Hand with old fashioned stopwatch timer

Action Scheduler is an open-source library for WordPress in use by premium plugins that perform sometimes heavy, time based operations. Here’s some main points about it:

Action Scheduler can become a problem on sites running a high volume of plugins (typically over 30) where multiple services can compete for it and raise the customization risks, bugs. I’ve observed it overloading server resources when WooCommerce webhooks are over active or have a propensity to loop. For example, webhook entries that make WooCommerce tell Klaviyo and Printful each time an order and product is updated can loop if there’s other website activities, cron, tasks, or remote requests firing the same update hook. Scheduled items may also retry upon failure.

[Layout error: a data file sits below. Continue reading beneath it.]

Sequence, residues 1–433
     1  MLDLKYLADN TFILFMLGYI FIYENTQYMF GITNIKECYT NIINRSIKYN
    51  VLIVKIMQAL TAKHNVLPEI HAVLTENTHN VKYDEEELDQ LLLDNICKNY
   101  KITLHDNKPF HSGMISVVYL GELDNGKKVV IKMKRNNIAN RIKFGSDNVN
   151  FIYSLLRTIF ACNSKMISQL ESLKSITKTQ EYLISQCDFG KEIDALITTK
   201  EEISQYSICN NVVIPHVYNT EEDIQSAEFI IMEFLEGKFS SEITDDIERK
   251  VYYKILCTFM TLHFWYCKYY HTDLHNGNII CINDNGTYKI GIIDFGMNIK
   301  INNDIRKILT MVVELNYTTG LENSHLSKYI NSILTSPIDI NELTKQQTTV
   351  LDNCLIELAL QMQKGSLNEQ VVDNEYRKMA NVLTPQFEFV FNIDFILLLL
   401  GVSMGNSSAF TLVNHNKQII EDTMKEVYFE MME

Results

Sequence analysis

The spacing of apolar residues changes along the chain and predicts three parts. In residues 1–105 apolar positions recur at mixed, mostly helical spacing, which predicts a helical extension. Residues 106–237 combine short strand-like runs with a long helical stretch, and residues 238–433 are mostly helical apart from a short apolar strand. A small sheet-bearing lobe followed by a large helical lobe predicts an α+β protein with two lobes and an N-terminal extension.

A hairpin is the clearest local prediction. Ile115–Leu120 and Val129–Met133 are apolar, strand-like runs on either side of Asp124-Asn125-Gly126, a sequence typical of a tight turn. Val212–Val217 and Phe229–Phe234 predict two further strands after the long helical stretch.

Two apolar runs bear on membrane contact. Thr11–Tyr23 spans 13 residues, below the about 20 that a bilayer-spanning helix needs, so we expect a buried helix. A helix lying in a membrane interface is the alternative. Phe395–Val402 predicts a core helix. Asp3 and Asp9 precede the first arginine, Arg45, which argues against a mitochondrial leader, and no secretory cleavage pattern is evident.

I’ve had to manually blow out Action Scheduler logs, completed, and failed actions to unlock the governor AKA “claim groups” and gain visibility into what’s running. I’ve also had to pause WooCommerce Webhooks that are overly chatty, such as the product updated webhooks mentioned above.

Some plugins cause PHP fatal errors that result in failing jobs within the Action Scheduler. The biggest offender I’ve seen is Google Product Feeds and JustUno plugins. Action Scheduler notwithstanding; I’ve observed certain WooCommerce hooks that when called must be unhooked, customized, then re-hooked in order to prevent infinite looping – where the process itself fires the same hook being executed. Examine your PHP error logs! Loops will produce out-of-memory and max-execution-time errors.

It’s important to understand what each plugin and custom function in your child theme or Code Snippets is doing. Gain visibility by examining logs such as those within Action Scheduler.